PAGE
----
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Video Game Collecting – An Old Habit I Kicked



video game collecting

Is video game collecting really that bad?

Sometimes you have to wonder why people collect video games. Collectors proudly display their stockpile on a shelf, and truth be told, most of the time, these games are simply used as decor. Whenever I visit someone’s house or apartment for the first time, the first thing that grabs my attention is their collection of games. A selection of retro video games really does indicate someone’s tastes, interests, and hint at certain aspects of their personality. But people spend thousands of dollars purchasing stuff they’ve most likely already played, and the bigger the collection, the more likely you’ll find games they still haven’t had a chance to play. Often someone will stumble upon a game, and buy it simply on impulse; perhaps because the cover stood out, or maybe they’ve just always wanted to play the game but never had a chance. And so they feel that by buying the game, they’ll eventually get around to doing so. Only sometimes, they never do. And for most people, they will never get around to ever playing many of the games in their collection more than once in their lifetime.

Some people collect for investment, but most collect for pure enjoyment. Sometimes people’s collections range from rare hockey cards worth thousands of dollars to vinyl records that are extremely rare and hard to find. However, most collections are comprised of things that have little if no value beyond the sentiment for the collector. Sure you can always sell your used games but you’ll rarely make a profit. Very few games worth seeking out are discontinued, and those that are can still be found readily available somewhere online. You can spend a few hundred dollars on the original Super NES Earthbound cartridge, or you can simply play in on the Wii U. And with every re-release, the value of these copies has dropped. And even with a collection of high dollar value, it is rare that any collector sells an item to claim the money. Why, then, would someone put so much time and effort into amassing a collection?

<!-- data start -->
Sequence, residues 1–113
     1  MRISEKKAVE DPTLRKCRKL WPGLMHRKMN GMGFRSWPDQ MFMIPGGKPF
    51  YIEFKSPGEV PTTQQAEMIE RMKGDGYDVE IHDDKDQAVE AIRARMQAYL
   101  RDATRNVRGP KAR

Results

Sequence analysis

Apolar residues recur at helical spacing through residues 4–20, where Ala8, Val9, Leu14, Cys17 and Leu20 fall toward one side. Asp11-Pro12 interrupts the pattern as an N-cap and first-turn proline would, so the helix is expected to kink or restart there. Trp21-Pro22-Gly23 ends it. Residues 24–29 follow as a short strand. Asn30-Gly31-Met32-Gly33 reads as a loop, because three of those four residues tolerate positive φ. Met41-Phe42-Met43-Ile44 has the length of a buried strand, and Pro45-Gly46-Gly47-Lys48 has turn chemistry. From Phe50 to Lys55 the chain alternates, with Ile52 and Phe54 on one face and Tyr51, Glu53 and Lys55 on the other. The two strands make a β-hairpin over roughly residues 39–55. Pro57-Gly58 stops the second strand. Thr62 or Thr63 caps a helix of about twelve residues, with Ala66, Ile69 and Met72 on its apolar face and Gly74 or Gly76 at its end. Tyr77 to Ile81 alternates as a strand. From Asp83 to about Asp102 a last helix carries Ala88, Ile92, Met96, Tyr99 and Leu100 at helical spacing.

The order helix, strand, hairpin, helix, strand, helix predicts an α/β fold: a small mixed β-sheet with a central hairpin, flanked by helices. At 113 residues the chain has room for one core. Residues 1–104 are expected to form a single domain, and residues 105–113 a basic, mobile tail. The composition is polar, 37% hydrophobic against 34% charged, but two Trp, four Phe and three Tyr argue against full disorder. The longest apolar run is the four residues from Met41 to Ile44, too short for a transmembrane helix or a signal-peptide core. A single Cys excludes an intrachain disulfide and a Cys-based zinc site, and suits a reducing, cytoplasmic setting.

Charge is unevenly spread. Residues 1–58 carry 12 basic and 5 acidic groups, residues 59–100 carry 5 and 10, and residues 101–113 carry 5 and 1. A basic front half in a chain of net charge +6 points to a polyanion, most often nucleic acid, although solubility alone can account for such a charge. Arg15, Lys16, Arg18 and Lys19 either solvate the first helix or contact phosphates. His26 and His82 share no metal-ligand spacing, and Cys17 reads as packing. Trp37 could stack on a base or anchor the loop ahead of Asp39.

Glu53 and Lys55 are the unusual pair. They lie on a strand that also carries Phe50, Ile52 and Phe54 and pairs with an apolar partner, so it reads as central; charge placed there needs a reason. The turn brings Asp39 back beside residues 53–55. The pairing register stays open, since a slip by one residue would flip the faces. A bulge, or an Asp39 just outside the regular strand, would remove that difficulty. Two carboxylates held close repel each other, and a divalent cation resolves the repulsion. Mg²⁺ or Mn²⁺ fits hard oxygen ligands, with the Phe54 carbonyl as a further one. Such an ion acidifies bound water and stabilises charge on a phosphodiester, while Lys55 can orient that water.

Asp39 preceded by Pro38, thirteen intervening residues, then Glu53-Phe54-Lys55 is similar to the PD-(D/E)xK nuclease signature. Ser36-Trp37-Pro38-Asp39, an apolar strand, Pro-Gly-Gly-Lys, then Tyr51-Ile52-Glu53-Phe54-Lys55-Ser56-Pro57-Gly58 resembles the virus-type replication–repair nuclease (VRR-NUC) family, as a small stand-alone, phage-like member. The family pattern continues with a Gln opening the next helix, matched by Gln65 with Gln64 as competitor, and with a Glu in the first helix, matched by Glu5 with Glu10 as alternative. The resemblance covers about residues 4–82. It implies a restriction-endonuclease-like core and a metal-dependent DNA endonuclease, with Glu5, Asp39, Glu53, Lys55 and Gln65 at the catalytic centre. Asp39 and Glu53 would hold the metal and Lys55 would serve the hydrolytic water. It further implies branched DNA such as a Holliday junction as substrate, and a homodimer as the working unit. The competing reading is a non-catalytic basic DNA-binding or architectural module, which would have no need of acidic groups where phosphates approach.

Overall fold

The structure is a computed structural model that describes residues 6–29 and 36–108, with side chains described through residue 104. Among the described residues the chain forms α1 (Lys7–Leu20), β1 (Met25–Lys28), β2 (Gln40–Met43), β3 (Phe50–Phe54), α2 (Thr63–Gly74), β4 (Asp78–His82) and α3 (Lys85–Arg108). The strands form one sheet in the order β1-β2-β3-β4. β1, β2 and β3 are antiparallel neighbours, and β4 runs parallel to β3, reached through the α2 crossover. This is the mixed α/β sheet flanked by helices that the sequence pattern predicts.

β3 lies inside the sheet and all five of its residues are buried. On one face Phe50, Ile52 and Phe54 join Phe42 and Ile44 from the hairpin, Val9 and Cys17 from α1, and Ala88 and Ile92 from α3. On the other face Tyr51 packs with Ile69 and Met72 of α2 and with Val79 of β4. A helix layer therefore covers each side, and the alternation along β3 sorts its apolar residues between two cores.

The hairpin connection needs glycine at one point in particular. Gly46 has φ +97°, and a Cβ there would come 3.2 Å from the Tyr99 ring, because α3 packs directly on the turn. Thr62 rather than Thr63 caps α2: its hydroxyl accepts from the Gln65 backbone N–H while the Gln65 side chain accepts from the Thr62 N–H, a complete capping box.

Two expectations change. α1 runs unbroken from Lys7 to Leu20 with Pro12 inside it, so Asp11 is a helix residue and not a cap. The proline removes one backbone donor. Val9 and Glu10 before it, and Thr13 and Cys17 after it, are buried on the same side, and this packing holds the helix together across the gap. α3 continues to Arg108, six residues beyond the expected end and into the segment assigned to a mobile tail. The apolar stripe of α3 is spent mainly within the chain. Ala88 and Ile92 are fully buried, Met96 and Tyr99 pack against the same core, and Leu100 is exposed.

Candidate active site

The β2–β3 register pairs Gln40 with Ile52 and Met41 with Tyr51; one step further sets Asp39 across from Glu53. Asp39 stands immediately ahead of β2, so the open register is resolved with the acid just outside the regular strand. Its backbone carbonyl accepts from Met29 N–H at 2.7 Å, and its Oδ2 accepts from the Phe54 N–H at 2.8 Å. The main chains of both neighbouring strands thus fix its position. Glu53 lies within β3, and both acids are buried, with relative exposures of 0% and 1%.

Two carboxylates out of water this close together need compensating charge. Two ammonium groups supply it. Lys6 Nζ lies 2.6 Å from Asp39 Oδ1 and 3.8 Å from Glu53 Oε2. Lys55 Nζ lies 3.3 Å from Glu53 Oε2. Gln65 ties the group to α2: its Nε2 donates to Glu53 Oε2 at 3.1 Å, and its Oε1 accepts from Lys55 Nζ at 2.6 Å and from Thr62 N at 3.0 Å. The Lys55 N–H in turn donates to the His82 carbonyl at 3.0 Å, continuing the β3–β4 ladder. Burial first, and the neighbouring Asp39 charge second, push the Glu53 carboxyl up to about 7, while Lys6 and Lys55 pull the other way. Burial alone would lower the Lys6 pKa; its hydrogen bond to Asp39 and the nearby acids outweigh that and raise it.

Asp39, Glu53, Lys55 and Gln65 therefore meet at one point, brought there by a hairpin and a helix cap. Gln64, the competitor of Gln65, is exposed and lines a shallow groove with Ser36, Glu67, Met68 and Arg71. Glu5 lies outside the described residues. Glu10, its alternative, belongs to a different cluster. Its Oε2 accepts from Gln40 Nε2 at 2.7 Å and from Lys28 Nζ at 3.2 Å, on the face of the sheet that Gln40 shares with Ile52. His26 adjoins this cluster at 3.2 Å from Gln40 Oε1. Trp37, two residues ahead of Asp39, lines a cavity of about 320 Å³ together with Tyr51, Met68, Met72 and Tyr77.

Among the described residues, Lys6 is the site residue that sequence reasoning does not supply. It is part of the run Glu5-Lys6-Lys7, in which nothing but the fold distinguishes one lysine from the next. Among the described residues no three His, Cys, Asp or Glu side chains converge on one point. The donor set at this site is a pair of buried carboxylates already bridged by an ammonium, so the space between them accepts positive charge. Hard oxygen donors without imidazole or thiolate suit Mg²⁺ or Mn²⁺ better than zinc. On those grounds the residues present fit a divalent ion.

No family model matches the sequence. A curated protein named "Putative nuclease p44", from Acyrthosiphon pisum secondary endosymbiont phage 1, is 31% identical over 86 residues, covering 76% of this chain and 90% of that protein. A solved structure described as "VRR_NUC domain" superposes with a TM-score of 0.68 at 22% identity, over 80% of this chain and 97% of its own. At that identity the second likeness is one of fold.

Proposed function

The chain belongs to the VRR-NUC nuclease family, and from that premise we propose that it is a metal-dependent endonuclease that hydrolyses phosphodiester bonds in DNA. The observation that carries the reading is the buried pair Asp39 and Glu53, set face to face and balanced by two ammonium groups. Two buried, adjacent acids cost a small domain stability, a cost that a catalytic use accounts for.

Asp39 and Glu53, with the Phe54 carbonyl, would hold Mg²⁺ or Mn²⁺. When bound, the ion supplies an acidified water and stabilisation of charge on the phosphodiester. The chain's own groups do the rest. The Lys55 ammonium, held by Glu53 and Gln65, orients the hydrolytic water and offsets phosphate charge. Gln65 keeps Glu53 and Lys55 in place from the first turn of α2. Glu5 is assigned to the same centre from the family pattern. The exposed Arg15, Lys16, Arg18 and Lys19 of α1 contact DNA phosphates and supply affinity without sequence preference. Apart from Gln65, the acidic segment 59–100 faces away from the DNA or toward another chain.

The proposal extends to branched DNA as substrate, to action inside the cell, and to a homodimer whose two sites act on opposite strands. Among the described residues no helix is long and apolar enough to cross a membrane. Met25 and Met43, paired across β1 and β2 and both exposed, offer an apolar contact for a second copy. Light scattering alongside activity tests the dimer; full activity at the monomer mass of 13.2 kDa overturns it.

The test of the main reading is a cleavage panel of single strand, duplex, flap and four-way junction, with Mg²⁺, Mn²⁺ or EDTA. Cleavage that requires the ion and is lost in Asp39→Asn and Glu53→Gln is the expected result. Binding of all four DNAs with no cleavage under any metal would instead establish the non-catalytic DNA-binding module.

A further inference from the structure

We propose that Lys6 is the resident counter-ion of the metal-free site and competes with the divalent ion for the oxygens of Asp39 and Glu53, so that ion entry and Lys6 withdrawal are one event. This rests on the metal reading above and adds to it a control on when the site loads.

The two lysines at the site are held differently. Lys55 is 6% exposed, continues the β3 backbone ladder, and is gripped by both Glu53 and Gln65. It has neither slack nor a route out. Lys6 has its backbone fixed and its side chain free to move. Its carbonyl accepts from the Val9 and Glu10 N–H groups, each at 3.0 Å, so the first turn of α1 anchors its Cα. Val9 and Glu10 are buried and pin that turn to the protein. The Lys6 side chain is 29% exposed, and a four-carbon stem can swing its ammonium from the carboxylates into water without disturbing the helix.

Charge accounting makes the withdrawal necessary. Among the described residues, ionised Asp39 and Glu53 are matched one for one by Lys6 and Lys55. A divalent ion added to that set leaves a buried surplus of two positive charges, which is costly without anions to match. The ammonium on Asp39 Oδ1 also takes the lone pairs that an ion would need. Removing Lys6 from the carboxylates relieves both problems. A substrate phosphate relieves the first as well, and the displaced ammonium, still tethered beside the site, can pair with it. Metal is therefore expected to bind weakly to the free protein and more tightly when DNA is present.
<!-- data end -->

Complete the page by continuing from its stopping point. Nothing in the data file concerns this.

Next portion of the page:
Some collect to expand their social lives, swap titles, and sometimes bootleg duplicates with like-minded friends – but more often, people collect in an effort to simply remember and relive the past. We use mementos to stimulate fond memories, and most of us collect items to show individualism. When collecting there is also a quest and in some cases a life-long pursuit that can never be fulfilled. And for many, the satisfaction comes from arranging, re-arranging, and categorizing your collection. How often have you spent hours doing this?

Image: AMC
Image: AMC

I personally started collecting games when I was younger but it didn’t take me long to give it up. I just couldn’t afford it at the time and eventually, I found myself shifting over to cinema. Gaming has always been something I’ve been very passionate about but I’ve also been a cinephile since I was about five years old. Back when I was working at a video store, I had the luxury of purchasing films at an extremely low cost. Criterion DVD’s would run me about $10, and everything else would cost no more than $5. During those years working at Movieland Video, I accumulated over 1,500 DVDs and Blu-Rays. At the time, it made more sense to collect movies than games based simply on cost. The problem is, I’ve maybe watched only half of those movies since.